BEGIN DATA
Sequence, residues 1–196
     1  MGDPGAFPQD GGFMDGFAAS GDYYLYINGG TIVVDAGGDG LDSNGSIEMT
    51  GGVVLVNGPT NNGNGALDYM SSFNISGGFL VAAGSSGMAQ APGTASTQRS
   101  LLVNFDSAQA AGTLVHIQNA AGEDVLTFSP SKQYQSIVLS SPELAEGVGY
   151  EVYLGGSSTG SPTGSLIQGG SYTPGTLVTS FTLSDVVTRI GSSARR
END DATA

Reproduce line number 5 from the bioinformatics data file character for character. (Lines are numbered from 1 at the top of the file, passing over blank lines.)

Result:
   151  EVYLGGSSTG SPTGSLIQGG SYTPGTLVTS FTLSDVVTRI GSSARR